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Study: A third of Moscow TV news is about Ukraine, and 90% of it is negative

A screen capture from the video presentation of the study by the Ukraine Crisis Media Center named "Image of Ukraine on Russian TV"
A screen capture from the video presentation of the study by the Ukraine Crisis Media Center named “Image of Ukraine on Russian TV”
Study: A third of Moscow TV news is about Ukraine, and 90% of it is negative
Edited by: A. N.

A new study by the Ukraine Crisis Media Center says that between July1, 2014, and December 31, 1917, a third of all news stories on the three major Moscow television stations was devoted to Ukraine and that “more than 90 percent” of these stories were negative.

The Center released its findings at a briefing in Kyiv available on Youtube. They now have been summarized by Radio Svoboda’s Ukrainian Service journalist Volodymyr Ivakhnenko.

The study finds this Russian news followed six major narratives. In descending order of importance, these are:

  • “In Ukraine a civil war is going on,”
  • “Ukraine is not an independent state,”
  • “The Russian Federation is helping the Donbas,”
  • “Russophobia is widespread in Ukraine,”
  • “Fascists and radicals are destroying Ukraine,” and
  • “Ukraine is a puppet of the West.”

Oleksiy Makukhin head of the analysis group for the Center which prepared the report, says that his analysts counted 15,400 negative references to Ukraine over this period, 90 percent of which fell into one or more of these six main “narratives.”

He said he and his colleagues had been surprised by how much time Moscow TV devoted to Ukraine. In many broadcasts, “up to 90 percent” of the stories involved either Ukraine or some other foreign country. And he said his people were shocked by how disciplined all the different Moscow outlets were, following the same narrative and often using exactly the same words.

That points to the existence of a single center controlling this news, Makukhin continues. He said the report shows that what Moscow is distributing is not just “fake news” as many have assumed but “myths” or “narratives” that weave together truth and falsehoods in ways that many find it difficult to separate.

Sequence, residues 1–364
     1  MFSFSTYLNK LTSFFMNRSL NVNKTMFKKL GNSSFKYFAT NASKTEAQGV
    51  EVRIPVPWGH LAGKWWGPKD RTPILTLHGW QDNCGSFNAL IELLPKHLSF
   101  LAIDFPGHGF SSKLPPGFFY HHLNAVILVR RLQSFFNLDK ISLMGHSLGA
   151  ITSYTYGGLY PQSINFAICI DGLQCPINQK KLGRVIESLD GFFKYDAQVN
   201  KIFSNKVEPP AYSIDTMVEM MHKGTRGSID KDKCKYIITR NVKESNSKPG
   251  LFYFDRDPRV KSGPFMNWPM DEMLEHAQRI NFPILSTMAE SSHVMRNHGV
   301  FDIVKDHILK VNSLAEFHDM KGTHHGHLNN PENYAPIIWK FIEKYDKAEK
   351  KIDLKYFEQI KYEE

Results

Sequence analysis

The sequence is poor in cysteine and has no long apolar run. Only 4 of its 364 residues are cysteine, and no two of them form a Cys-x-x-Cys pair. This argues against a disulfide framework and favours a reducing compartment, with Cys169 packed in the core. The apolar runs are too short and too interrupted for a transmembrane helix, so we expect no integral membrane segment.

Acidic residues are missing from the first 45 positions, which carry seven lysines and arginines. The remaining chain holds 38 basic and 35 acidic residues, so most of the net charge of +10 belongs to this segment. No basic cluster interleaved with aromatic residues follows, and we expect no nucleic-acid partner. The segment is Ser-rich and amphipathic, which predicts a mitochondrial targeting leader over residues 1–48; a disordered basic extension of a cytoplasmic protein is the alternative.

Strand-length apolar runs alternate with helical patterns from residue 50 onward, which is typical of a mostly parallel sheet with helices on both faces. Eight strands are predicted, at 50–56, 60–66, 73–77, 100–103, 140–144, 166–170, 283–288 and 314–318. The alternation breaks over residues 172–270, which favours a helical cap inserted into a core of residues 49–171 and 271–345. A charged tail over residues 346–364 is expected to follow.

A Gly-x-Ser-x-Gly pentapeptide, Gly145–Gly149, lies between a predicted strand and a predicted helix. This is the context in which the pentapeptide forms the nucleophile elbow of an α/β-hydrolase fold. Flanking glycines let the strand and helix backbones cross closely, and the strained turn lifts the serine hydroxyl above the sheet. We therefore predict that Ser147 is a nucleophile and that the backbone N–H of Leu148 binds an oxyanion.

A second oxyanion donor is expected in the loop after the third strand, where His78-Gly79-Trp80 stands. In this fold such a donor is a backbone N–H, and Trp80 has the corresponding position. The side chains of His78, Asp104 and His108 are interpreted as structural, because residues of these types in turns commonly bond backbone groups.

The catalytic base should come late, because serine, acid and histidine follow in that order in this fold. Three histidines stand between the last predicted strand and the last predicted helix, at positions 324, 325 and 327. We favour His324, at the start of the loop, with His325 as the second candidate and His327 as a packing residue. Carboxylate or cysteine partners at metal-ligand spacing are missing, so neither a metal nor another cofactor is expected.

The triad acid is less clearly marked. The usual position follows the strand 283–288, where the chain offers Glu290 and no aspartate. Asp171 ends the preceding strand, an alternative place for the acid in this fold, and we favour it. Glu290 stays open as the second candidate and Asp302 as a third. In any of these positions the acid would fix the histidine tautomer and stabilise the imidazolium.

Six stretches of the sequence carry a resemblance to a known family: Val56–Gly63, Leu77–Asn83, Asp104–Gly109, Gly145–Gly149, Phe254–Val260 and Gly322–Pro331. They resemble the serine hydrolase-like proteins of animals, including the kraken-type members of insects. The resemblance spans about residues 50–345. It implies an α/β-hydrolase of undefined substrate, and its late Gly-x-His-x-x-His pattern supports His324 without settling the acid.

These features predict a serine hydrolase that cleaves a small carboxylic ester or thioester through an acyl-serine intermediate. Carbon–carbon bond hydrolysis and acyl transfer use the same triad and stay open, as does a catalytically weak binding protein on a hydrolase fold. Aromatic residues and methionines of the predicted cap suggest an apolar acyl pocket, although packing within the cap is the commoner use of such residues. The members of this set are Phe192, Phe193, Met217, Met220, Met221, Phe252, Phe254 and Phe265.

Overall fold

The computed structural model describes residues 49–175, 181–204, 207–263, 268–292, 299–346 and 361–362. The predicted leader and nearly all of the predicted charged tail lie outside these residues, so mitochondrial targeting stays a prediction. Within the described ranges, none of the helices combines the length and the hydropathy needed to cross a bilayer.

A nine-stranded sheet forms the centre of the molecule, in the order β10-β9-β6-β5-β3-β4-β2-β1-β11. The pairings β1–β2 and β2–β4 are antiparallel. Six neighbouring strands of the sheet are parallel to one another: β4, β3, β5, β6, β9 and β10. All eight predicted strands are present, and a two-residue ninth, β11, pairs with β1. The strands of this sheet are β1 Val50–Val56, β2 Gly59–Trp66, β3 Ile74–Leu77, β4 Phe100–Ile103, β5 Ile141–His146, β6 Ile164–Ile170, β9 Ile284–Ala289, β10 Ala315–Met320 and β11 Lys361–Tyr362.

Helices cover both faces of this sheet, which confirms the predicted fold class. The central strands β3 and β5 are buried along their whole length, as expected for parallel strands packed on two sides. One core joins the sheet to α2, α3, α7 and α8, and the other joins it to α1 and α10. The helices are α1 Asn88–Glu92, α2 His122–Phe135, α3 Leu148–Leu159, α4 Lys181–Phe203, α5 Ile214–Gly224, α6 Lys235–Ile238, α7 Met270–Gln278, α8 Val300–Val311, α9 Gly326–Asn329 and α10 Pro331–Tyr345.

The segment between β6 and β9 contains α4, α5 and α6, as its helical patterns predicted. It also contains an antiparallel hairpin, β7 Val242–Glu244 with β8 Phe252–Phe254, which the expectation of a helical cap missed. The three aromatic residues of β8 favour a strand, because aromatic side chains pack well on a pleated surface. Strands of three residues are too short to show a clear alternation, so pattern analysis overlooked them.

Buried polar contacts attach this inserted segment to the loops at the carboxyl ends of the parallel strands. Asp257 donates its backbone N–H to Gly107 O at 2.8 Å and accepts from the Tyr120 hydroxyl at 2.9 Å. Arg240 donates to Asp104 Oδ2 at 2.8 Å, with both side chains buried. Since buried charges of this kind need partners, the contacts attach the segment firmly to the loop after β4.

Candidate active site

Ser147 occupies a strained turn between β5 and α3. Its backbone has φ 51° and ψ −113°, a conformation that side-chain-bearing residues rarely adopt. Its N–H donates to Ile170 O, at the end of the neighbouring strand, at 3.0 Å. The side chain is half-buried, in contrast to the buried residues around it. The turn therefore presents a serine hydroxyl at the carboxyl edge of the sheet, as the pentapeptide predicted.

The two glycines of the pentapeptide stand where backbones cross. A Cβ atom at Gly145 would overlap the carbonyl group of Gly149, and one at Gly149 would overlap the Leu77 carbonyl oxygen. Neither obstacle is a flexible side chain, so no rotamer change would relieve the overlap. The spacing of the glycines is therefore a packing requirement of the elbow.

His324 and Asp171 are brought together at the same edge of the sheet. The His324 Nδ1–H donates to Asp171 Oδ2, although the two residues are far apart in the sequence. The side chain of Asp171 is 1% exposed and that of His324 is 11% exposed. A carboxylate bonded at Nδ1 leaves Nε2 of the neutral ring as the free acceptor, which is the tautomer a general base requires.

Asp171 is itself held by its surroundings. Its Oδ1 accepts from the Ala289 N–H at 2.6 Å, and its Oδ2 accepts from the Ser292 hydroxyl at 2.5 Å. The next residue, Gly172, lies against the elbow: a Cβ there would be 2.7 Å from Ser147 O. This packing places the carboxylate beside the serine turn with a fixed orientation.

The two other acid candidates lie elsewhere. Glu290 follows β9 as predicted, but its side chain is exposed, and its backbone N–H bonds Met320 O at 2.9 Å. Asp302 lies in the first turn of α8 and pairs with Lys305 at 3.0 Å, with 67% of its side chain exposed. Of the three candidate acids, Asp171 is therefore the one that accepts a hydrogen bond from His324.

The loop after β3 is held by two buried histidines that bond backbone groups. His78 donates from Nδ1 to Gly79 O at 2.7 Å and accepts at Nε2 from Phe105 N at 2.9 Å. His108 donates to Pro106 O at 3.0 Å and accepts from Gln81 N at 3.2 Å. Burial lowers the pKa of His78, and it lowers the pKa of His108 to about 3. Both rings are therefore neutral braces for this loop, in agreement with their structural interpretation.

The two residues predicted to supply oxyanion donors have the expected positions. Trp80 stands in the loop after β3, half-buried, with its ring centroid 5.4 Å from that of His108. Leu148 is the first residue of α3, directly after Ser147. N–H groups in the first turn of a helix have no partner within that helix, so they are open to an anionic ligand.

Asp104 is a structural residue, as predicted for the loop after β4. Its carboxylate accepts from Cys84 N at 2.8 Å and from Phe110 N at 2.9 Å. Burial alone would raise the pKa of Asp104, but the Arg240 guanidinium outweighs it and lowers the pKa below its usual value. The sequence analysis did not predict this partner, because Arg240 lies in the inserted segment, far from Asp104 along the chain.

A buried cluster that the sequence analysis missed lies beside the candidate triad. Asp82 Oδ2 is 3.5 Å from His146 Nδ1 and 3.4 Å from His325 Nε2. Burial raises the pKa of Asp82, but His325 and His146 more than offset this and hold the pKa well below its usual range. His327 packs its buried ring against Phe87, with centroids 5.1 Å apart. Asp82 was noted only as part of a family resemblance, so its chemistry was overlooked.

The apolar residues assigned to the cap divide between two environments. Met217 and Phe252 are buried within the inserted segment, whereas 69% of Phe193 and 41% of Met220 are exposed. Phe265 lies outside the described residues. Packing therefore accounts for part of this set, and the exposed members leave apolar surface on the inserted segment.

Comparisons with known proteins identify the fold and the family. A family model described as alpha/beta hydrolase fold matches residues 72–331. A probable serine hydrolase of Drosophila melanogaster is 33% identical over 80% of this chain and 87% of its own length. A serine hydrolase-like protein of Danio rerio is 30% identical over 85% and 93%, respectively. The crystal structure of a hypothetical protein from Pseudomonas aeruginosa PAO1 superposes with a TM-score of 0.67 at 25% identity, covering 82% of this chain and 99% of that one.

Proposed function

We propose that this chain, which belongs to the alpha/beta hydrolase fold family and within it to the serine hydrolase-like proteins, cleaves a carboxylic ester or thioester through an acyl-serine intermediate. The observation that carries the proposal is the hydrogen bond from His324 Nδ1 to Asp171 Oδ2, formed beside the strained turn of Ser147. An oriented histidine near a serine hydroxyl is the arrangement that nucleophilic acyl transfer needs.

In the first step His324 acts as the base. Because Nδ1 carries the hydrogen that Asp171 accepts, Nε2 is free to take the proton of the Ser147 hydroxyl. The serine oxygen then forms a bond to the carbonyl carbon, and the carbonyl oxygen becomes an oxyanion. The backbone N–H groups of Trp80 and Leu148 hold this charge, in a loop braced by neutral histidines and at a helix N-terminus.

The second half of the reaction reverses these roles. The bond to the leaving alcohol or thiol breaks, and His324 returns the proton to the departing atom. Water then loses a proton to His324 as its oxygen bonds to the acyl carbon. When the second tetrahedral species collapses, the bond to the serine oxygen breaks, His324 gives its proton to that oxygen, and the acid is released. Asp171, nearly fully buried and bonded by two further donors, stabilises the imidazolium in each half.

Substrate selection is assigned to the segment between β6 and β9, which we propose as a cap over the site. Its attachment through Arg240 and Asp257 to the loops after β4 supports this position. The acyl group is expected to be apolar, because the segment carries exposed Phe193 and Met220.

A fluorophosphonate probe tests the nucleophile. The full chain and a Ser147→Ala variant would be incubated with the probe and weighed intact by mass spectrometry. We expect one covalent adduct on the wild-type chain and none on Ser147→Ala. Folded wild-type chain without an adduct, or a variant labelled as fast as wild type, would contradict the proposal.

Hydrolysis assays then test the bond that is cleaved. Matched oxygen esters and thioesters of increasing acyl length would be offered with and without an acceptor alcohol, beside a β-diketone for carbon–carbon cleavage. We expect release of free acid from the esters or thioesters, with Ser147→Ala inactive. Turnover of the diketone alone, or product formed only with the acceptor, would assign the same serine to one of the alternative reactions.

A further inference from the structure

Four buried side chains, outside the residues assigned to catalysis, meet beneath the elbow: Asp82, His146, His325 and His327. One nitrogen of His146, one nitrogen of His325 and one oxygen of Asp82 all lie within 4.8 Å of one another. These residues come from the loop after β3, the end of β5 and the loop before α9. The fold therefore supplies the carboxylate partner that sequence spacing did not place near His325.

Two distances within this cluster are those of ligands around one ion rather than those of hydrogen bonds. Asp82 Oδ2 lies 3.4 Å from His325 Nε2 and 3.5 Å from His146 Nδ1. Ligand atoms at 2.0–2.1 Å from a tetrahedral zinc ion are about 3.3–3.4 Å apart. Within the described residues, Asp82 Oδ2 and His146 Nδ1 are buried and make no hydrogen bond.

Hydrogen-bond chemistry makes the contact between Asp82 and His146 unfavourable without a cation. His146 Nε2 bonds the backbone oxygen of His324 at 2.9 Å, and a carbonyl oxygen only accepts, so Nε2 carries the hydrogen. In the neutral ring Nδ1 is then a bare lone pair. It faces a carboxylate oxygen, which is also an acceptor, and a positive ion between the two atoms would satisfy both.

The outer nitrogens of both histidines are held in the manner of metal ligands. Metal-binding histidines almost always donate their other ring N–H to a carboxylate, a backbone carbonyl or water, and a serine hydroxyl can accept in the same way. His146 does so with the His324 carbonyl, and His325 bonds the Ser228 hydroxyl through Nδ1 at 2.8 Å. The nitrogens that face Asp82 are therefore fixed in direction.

The Center’s study supplements the work of, a portal that has been keeping track of Russian media lies about Ukraine since March 2014. Kateryna Kruk, one of its leading analysts, tells Ivakhnenko that her group has found the same narratives the Center has but also materials linking the Russian effort in Ukraine to the fight against fascism in World War II.

That has the effect of legitimizing what Moscow is doing in Ukraine in the minds of many in Russia, Ukraine and elsewhere, she says. And she says her group has seen Moscow again and again throw up “smoke screens” to hide what is being reported by others, most recently in the case of the Netherlands and Australia report holding Russia responsible for the downing of the Malaysian airliner MH17.

She adds that Moscow is seeking to penetrate the Ukrainian media market by financing groups there because the Russians know that only two to four percent of Ukrainians trust anything coming from a Russian outlet or having a .ru Internet domain. Kruk says she sees this Kremlin strategy as a growing problem.

Another major problem she points to is “the dissemination of Russian propaganda theses” in such a way that they “often correspond with criticism of the Ukrainian authorities for various political motives and create a situation in which it is difficult to distinguish which are [legitimate] criticism and which are Russian propaganda.”

That pattern, Kruk concludes, will certainly grow especially as Ukraine heads into presidential and parliamentary elections next year.

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Edited by: A. N.
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